Clastic Sedimentary Rocks

Clastic sediment is made up of inorganic rock and mineral fragments, called clasts. These can come from igneous, sedimentary, or metamorphic rocks, and so they can include a very wide range of minerals. Quartz and feldspar usually dominate clastic sediment.  When layers of clastic sediment build up, the lower strata are pushed down by the weight of the sediments above them. This pressure compacts the sediments, squeezing out excess water. Dissolved minerals recrystallize in the spaces between mineral particles in a process called cementation, thus giving rise to the Clastic Sedimentary Rocks.

Due to the mechanical process, the clastic sedimentary rocks are also sometimes called mechanically formed Sedimentary Rocks.

Common examples of clastic / mechanically formed sedimentary rocks include Sandstone {cemented sand grains}, Siltstone {Cemented silt particles}, Congomerate {sandstone containing pebbles of hard rocks}, Mudstone {mainly silt and clay}, Claystone {mainly clay} and shale {clay and mud rock which breaks easily into flat flakes and plates}.

Chemically Precipitated and Organic Sedimentary Rocks

Chemically precipitated sediment is made of solid inorganic mineral compounds that precipitate from water solutions or are formed by organisms living in water. One of the most common sedimentary rocks formed by chemical precipitation is limestone. The third class of sediment is organic sediment. This is made up of the tissues of plants and animals. Peat is an example of organic sediment. This soft, fibrous, brown or black substance accumulates in bogs and marshes where the water stops the plant or animal remains from decaying.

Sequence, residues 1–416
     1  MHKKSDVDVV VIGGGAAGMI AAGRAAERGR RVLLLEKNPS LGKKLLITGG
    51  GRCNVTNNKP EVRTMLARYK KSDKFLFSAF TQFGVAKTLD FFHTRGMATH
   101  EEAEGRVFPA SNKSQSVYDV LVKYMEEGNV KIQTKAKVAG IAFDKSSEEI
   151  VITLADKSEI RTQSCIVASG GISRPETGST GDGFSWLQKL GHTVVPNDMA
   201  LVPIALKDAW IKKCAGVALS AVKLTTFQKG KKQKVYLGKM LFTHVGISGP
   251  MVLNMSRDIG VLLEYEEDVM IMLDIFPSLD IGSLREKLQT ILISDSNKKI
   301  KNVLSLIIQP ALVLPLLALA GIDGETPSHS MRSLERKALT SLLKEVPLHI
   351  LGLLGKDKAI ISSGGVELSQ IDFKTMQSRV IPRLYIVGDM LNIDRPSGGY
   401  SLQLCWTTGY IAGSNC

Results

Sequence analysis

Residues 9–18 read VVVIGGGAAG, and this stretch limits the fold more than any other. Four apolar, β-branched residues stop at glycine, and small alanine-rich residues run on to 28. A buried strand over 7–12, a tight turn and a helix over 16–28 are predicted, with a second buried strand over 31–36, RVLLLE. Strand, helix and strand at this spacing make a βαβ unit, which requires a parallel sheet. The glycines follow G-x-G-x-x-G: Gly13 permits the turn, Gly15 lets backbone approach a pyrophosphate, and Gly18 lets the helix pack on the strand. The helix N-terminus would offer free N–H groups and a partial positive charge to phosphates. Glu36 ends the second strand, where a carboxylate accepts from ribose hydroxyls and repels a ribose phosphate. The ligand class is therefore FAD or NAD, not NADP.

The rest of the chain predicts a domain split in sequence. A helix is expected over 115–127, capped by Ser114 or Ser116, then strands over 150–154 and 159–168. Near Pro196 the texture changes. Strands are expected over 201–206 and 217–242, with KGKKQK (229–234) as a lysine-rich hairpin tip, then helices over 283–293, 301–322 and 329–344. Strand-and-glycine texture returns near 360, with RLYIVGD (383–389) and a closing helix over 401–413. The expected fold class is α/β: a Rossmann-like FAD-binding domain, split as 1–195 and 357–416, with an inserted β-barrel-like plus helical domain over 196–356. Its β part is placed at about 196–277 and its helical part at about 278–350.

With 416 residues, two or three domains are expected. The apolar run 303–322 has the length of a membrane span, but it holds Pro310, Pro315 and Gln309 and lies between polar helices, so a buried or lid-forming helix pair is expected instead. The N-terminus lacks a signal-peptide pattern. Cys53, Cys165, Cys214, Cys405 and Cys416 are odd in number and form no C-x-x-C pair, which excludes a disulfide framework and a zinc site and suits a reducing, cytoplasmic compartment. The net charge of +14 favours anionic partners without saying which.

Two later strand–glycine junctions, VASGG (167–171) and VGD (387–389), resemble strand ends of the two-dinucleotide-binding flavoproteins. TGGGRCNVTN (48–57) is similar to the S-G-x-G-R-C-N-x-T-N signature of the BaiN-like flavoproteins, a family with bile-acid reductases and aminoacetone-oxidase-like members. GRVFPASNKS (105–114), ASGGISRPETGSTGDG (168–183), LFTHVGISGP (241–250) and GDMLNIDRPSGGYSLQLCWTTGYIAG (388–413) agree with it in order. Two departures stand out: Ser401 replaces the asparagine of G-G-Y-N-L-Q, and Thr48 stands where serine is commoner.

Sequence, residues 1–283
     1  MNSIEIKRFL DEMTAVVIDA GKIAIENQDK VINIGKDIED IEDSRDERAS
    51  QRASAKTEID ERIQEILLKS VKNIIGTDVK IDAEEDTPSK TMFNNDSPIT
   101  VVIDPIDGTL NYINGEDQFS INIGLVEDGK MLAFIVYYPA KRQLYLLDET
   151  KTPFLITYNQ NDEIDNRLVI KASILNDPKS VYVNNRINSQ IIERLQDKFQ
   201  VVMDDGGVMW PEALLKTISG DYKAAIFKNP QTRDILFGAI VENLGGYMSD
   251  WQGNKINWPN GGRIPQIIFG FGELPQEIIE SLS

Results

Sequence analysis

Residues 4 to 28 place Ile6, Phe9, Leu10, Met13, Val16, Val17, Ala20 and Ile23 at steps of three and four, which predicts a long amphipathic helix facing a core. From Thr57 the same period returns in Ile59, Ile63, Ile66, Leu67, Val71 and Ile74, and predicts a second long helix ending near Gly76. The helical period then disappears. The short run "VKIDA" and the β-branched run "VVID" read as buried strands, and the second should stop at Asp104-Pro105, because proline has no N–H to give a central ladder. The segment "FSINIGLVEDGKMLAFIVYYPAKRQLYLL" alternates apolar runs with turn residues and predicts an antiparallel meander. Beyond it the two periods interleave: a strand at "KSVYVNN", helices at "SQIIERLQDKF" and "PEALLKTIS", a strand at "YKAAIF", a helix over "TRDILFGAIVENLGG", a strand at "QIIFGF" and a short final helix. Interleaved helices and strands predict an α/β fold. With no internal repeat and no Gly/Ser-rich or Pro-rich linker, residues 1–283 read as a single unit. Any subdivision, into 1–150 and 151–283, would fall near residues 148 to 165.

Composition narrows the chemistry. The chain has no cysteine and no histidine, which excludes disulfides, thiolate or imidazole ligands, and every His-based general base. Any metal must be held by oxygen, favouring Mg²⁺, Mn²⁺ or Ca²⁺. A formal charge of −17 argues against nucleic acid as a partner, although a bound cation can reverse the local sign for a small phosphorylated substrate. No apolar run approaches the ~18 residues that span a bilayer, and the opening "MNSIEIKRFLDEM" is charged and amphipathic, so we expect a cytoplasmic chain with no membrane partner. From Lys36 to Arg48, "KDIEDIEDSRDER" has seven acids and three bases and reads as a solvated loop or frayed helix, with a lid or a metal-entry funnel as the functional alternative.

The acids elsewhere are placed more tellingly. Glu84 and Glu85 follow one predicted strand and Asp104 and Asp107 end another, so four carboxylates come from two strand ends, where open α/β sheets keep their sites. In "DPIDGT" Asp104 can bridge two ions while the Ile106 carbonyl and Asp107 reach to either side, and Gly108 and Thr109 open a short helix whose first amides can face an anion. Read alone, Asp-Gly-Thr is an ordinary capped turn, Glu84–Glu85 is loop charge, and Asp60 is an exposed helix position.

Examples of Chemically precipitated rocks are Limestone {Calcium Carbonate, formed by precipitation on sea or lake floors}, Dolomite {Magnesium and Calcium Carbontes}, Chert {a microcrystalline form of silica} and Evaporites {minerals formed by evaporation of salty solutions in shallow inland lakes or coastal lagoons}.


Limestone is by far the most abundant chemically precipitated rock. It is composed principally of calcium carbonate (CaCO3 or calcite) and originates by both inorganic chemical and biochemical processes. Limestone has a great variety of rock textures such as skeletal limestone, oolitic limestone, and microcrystalline limestone. Marine sediments form largely by biochemical precipitation.

Carbonate sediments dominate at shallow depths and in warm near-shore waters. Elsewhere, siliceous sediment, which eventually forms chert, is typical in deeper water.

Skeletal Limestone